Nobody buys a concert ticket because of the name of the promoter at the top of the poster or on the ticket. Yet when something goes wrong on a tour or at an outdoor event the promoter often gets the blame – from the paying public, the media and the artists themselves. That this hardly ever happened to the British concert promoter Andrew Miller, during his four decades of putting on the likes of Barry Manilow, Meat Loaf and Nana Mouskouri, is testament to his organisational and personal qualities.
Held in high regard by his business peers and his long-standing clients, Miller was also greatly admired for his charity work on behalf of Nordoff-Robbins Music Therapy. This began in January 1976 when he was approached by Lady Mary Bradford to help support the treatment and therapy programmes developed by Paul Nordoff and Clive Robbins to improve the quality of life of disabled and sick people of all ages through music.
Drawing on his considerable list of contacts, Miller convened a fund-raising committee which included musicians, managers, a Moët & Chandon executive and Willie Robertson, the insurance broker who had pioneered the introduction of insurance cover for performers and who became a lifelong friend. Miller and Robertson proved a formidable partnership, which continued until Robertson's death last year and established Nordoff-Robbins as the premier charity supported by the British music industry to this day.
In June 1976, the committee held its first Silver Clef Award luncheon,honouring The Who and giving theailing Nordoff a platform to publicise his work a few months before his death. The proceeds wiped out the Music Therapy Charity's overdraft and the event became a regular fixture in the music calendar.
However, Miller had bigger plans. He wanted to put Nordoff Robbins on a firmer financial footing and help the charity open its own therapy centre in London. He also intended to give the music industry the opportunity to build a BRIT School for the Performing Arts in Croydon. To raise the necessary funds, in 1990 he staged Knebworth '90 at the Hertfordshire country house where Pink Floyd and Genesis had held landmark concerts. Both returned to join a line-up that included Paul McCartney, Eric Clapton, Elton John, Jimmy Page and Robert Plant, Cliff Richard and the Shadows, Dire Straits, Status Quo and Tears For Fears, all previous recipients of the Nordoff Robbins Silver Clef Award.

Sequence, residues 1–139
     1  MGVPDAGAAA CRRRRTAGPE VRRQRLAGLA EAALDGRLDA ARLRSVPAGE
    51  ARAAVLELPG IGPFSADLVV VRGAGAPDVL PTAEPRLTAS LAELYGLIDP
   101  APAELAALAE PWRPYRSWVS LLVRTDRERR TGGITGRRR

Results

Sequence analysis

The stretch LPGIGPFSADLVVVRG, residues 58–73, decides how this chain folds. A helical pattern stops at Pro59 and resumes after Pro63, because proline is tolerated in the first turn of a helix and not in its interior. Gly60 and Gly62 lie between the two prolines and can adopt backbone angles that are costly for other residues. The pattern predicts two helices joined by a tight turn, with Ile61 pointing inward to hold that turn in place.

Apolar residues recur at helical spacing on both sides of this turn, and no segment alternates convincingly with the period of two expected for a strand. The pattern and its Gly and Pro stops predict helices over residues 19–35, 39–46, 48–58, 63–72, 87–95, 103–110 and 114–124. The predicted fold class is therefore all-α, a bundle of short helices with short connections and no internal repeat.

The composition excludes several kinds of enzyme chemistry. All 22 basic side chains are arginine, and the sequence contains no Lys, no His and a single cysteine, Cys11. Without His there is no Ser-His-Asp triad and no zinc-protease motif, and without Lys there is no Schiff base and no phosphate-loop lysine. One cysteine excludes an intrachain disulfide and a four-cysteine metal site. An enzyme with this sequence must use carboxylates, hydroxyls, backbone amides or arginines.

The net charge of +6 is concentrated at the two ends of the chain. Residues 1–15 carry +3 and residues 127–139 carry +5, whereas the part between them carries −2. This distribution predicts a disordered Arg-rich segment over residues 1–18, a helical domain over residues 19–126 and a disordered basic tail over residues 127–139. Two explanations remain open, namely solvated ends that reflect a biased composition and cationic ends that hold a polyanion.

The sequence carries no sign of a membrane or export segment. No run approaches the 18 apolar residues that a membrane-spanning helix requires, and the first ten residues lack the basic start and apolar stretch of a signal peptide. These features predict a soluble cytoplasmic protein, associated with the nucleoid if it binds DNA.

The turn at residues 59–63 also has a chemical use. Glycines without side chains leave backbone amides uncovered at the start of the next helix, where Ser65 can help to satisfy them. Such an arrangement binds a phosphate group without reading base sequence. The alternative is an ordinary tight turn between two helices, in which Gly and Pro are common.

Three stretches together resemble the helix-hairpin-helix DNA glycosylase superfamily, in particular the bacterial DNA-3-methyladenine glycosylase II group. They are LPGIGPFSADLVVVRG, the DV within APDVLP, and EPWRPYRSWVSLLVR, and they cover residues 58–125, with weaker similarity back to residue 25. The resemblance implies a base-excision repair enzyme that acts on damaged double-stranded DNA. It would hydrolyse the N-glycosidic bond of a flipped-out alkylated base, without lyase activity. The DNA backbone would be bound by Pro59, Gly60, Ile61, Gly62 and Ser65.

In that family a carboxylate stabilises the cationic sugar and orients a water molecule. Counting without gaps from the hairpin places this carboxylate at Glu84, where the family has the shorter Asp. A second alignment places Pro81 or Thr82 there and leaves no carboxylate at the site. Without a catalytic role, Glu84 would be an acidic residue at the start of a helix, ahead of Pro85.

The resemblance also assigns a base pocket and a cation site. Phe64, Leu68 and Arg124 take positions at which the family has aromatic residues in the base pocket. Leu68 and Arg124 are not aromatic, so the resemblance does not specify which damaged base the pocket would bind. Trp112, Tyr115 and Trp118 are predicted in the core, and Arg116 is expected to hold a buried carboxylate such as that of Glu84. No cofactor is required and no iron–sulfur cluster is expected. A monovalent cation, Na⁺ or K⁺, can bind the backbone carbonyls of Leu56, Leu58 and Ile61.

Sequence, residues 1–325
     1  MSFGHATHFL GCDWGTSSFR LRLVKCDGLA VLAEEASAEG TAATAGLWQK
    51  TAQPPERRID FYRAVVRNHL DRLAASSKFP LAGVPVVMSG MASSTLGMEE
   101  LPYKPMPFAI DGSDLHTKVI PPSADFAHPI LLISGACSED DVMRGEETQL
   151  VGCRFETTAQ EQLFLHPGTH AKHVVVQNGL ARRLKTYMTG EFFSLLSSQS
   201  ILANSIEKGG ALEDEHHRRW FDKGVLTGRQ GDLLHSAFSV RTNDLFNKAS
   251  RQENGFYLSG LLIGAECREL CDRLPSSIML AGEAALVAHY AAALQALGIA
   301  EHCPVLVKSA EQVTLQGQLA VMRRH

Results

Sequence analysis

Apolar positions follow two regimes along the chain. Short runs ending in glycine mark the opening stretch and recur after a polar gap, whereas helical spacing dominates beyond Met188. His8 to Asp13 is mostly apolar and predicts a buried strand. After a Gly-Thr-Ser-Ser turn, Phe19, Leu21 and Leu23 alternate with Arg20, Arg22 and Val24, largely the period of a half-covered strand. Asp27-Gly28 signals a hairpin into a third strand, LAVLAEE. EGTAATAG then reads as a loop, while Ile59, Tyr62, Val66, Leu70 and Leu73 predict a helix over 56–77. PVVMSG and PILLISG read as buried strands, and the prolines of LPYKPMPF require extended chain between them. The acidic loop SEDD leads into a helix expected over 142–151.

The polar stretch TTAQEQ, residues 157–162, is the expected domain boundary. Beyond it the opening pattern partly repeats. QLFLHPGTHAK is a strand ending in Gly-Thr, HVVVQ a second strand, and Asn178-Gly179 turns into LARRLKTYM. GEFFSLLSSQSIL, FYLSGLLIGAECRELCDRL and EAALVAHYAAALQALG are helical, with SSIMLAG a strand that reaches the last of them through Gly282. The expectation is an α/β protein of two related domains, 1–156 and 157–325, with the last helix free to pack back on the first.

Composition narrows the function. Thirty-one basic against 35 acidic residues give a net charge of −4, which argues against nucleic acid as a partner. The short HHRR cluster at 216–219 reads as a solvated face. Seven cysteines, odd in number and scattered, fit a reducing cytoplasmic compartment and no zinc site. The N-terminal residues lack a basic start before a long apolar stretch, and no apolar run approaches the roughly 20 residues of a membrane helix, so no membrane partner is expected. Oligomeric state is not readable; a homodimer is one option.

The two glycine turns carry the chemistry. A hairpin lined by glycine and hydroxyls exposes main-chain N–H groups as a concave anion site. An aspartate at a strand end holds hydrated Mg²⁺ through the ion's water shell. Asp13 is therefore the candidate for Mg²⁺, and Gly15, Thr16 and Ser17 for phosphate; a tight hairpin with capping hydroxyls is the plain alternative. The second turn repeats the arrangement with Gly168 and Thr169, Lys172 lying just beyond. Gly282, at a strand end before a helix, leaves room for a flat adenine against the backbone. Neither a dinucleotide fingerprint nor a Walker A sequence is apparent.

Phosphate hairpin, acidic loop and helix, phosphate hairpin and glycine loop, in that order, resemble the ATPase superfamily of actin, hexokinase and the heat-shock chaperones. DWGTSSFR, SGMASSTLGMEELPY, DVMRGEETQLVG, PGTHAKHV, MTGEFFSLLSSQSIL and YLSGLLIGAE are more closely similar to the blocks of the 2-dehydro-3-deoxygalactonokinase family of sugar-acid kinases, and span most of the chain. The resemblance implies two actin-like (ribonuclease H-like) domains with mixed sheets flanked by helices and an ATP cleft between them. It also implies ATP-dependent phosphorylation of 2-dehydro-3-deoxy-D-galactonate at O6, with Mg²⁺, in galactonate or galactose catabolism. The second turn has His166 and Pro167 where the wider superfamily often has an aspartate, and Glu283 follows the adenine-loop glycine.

The British stars performed for free in front of 120,000 fans and millions watching around the world on MTV. A live album and video helped the £1million profit from the day grow six-fold in as many months and enabled both projects to go ahead. The three years Miller spent planning Knebworth '90 alongside his day-to-day concert promotions activities had been worthwhile. Katie Melua, Adele, Imogen Heap and Jessie J, all BRIT school alumni, are undoubtedly indebted to him for their training.
Born in 1946 to GP parents, Miller was the second child of five. After completing his education at Shrewsbury School, he moved to Texas and worked there during the late 1960s. The threat of the Vietnam draft brought him back to Britain, where he joined the International Entertainment agency and met his second wife, Anna, another recently recruited employee.
In 1975 he launched Andrew Miller Promotions and never looked back as he promoted tours by Mike Oldfield, Gallagher and Lyle, Supertramp, Twiggy and Joan Armatrading. In 1976, he showed his customary dedication and commitment to the job when he called on Armatrading, on the day she headlined the Royal Albert Hall, between his wedding reception and his departure on honeymoon, with Anna still in her wedding dress.
A gentleman operating in what can be a cut-throat world, Miller often did business on a handshake, as in the case of Manilow, who he promoted for over three decades in partnership with Danny Betesh, the MD of Kennedy Street Enterprises, until the Inland Revenue insisted they formalise the relationship. In 1983 Miller staged a memorable Manilow concert attended by 50,000 at Blenheim Palace, stately home of the Duke of Marlborough, and returned there with Van Morrison and Armatrading in 2004 and Rod Stewart and Diana Ross in 2005.
He also oversaw the opening of music therapy units in Croydon and Newbury, as well as services in the North and South West of England, and he inspired other countries to develop their own facilities. In 1994, Miller and Robertson received the Music Industry Trust Award.
"Andrew and I worked together for over three decades," Betesh said. "I first met him when he sold me a Barry White show at the old Belle Vue in Manchester in the '70s. He became a lifelong friend. He was a very, very good man, very principled and good-hearted. The huge amounts of money he raised for Nordoff Robbins was a wonderful thing, a terrific legacy."
Andrew Robert Cameron Miller, concert promoter and fund-raiser: born Shrewsbury 12 July 1946; twice married (two daughters); died London 16 February 2012.Reuse content